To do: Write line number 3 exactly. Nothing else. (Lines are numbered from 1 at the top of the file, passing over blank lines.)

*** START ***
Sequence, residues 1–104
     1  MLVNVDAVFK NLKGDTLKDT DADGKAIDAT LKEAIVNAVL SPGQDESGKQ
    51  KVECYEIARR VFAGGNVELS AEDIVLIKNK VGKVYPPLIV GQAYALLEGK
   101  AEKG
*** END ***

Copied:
    51  KVECYEIARR VFAGGNVELS AEDIVLIKNK VGKVYPPLIV GQAYALLEGK